has anyone ever memorized the periodic table?
mendeleev probably knew his from memory
Anyone got a good mnemonic gimmick for all those rare-earth elements? :uhh:
We had to memorize it when I was in junior high school. :yuck: But, there were a lot less elements on it back then. :uhh:
I always considered the periodic table a kind of map. The point of having a map is so you DON'T need to memorize the globe!
I have not memorized the periodic table, but with time and experience one will naturally begin to remember the names/symbols/atomic weights of some of the most common elements. I have memorized a pretty good fraction of the periodic table…the elements I am always using.
I have heard from a friend that back when his dad was in college he had a test in which he was handed a blank periodic table and then asked to fill it in completely from memory…everything…including names/symbols/atomic number/atomic masses.
I really don’t see much educational value in that, but it is quite probably something which someone could do with enough practice (at least the names/symbols part I mean…the atomic weights is a different matter).
Back in high school chemistry we had to memorize the Alkali, Alkaline-Earth, Halogens, Nobel gasses, and few others elements and that was no big deal.
My old physics professor has it memorized.
i think if you have it memorized it's easier to see the trends
What would be the point in memorizing such useless information? Thats the whole reason why its ordered in a table for you to look up.
Useless, I think not. I use the information on the periodic table everyday and it is not even my field of study.
I do think that there is some value in having portions of the periodic table memorized, just as one memorizes the multiplication tables, but I would not go so far as to advocate memorizing the entire table so that you could recreate it from scratch on a blank piece of paper.
Useless to memorize, I mean. You dont gain anything by memorizing a periodic table.
I hate the concept of memorization in general.
The table is already structured to show trends in orbitals and chemical properties.
hey are you gonna reply to my pm?
like i've said before. having as much knowledge ready on a whim is very important. it could mean the difference between making the connection between two seemingly disparate things and making a discovery and completely missing something.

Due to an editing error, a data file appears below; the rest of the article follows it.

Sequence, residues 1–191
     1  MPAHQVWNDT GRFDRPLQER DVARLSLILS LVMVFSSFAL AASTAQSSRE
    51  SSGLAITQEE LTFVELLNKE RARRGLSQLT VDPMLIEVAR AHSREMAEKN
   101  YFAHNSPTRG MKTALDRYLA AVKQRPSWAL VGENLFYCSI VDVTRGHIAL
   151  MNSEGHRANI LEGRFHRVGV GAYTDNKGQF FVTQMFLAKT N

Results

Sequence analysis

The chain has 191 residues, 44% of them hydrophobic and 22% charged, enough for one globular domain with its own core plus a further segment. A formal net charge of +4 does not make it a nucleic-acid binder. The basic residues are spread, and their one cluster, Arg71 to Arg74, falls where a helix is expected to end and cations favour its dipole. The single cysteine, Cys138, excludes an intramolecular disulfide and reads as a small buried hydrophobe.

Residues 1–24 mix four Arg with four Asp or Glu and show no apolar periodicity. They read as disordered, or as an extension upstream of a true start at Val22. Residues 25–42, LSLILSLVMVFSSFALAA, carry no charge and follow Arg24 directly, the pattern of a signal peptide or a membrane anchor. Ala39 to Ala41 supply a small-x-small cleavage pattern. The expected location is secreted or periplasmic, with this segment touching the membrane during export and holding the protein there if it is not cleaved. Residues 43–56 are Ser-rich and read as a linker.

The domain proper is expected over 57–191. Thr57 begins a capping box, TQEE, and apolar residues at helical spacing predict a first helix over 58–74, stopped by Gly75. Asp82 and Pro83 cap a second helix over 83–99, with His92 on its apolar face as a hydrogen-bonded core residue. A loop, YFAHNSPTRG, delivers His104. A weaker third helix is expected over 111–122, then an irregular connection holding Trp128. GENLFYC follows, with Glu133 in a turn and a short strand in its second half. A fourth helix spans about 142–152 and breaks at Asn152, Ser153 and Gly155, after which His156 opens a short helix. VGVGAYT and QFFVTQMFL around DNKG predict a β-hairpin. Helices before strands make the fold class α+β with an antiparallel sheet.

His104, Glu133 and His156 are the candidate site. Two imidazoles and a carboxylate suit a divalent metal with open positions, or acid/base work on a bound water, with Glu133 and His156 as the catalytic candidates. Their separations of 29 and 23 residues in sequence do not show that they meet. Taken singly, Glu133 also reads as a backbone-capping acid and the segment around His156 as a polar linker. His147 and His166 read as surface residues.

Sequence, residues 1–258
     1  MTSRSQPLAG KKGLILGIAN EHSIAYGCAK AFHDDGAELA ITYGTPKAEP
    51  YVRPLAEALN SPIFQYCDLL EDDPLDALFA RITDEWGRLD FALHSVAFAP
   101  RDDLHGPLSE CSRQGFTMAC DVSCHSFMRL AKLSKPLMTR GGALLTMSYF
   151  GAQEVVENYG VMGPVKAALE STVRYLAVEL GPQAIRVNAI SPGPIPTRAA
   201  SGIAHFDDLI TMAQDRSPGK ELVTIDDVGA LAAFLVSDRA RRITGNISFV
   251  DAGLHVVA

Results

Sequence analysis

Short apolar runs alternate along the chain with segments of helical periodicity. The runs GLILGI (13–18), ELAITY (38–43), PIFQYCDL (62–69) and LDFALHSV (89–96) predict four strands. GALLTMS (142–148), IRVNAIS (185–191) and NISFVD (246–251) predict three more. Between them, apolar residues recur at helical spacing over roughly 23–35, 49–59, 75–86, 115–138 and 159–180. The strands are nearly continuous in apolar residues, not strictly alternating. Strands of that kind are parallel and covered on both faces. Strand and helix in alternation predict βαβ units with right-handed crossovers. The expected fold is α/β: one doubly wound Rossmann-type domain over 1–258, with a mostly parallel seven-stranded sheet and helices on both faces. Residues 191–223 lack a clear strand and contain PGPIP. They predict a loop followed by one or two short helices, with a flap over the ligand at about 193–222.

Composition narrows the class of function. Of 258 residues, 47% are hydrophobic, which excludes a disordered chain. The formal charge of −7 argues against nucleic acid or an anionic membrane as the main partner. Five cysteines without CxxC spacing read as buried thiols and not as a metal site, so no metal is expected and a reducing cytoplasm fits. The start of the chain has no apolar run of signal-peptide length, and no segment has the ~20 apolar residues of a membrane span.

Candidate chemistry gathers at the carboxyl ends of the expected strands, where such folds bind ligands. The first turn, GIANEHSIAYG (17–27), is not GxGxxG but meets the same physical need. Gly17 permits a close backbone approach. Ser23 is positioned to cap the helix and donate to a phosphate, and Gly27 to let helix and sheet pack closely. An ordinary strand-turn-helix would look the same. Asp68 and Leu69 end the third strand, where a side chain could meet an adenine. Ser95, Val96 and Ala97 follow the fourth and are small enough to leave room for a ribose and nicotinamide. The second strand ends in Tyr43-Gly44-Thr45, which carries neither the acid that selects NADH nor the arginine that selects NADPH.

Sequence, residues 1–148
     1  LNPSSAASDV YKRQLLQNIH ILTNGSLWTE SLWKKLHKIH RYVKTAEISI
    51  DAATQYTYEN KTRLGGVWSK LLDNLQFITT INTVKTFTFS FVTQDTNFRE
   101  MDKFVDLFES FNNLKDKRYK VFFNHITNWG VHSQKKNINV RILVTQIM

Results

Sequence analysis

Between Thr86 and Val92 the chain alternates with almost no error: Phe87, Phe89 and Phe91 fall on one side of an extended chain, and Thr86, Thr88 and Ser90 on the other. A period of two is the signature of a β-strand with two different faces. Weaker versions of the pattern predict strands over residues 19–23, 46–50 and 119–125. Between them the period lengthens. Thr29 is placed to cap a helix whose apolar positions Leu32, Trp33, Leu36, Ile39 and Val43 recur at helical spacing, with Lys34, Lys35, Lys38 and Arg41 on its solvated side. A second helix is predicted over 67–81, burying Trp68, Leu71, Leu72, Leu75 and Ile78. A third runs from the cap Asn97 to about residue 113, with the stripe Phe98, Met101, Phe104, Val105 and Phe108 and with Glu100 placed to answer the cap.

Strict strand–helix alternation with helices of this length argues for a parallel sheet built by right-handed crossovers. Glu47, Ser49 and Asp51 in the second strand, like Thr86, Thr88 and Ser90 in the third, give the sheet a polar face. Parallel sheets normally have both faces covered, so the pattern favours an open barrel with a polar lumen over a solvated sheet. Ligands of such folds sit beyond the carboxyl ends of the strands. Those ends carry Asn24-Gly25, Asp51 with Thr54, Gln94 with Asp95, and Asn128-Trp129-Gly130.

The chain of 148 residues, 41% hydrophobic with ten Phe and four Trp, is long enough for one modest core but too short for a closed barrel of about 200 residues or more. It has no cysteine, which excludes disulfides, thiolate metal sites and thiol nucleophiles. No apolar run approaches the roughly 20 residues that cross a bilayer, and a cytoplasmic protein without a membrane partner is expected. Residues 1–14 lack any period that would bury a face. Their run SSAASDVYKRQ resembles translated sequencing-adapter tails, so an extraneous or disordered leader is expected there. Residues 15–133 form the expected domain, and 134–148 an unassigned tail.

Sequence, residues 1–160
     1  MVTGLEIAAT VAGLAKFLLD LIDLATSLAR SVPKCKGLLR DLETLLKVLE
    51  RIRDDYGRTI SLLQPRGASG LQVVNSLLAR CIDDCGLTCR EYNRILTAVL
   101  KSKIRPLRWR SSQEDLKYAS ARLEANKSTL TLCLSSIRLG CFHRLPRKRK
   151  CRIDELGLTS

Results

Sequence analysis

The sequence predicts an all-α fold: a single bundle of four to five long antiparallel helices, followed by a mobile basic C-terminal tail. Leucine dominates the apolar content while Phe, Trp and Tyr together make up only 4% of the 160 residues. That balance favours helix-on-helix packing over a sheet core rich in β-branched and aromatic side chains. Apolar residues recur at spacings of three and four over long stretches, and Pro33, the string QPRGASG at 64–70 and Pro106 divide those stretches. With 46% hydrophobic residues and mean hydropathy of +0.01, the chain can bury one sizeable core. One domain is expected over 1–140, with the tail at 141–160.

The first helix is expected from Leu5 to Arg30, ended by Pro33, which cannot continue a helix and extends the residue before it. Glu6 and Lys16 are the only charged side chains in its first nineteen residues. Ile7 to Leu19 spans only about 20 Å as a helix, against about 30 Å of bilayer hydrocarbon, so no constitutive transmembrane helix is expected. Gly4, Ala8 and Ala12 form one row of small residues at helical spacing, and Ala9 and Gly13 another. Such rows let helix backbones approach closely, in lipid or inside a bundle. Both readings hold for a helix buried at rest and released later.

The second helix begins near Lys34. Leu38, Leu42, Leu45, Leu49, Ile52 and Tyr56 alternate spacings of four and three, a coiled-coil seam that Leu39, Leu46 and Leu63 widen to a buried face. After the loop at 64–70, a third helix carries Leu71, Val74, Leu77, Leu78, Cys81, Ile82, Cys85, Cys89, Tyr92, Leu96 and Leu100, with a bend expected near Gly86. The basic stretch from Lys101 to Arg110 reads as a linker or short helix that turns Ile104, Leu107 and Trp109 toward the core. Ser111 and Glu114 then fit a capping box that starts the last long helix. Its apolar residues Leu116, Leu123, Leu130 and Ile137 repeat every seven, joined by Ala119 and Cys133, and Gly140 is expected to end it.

It is not necessary since one can readily find it on-line or perhaps print one and put it on the wall. But with time, one can learn the groups, e.g. alkali, alkali earth, halides and noble gases.
I have passively memorized atomic weights for some common elements in high school chem such as oxygen, carbon, hydrogen, iron, silver, blah the list goes on.
It definitely helps to a degree since you don't need to waste time looking everything up when you are doing calculations.
Spoken like a true engineer.
We had already hunted all the dinosaurs for a huge dino roast by then.
Gaahh...I forgot about that PM. Send me a reminder in a few weeks...I don't have any time to reply right now (I shouldn't even be here, but I need some breaks from grant writing to keep my brain from leaking out my ears).
I don't think memorizing the periodic table had any more value than any of the other things we had to memorize in junior high...nobody expects you to retain all of that information, but the ones you use most often stick, and the rest is at least familiar so you can generally look in the right places without having to look at every single element in the table to hunt for the one you need information on. Once you've finished learning the names of all the elements and their abbreviations (needed to find them on the periodic table), it really wasn't that big of a deal to remember them in the order listed on the table, which then gives you the atomic number and information on mass, structure, reactivity.
Mostly, memorizing something like that serves as a time-saver if you need the information often, and that's about it.
i had never seen that group..halides...it certainly corresponds to the "halogéneos" group in portuguese..(F,CL,Br,I and At) i guess.
I remember trying to memorize it but I don't think I spent enough time in chemistry to know this particular table by heart. I suppose most chemists know it as well as you know your multiplication table, it has a comparable number of entries. It's just a question of needing the data or not: you memorize what you need on a regular basis.
The second from the last column (group 17) is referred to as the ‘Halogens’.
When these elements form binary salts with other elements, those salts fit into the group sometimes called ‘Halides’….the “Hal” part coming from “Halogen” and the “ide” part coming from the naming convention of a 2 element ionic compound. For example, Sodium Chloride.
Separate names with a comma.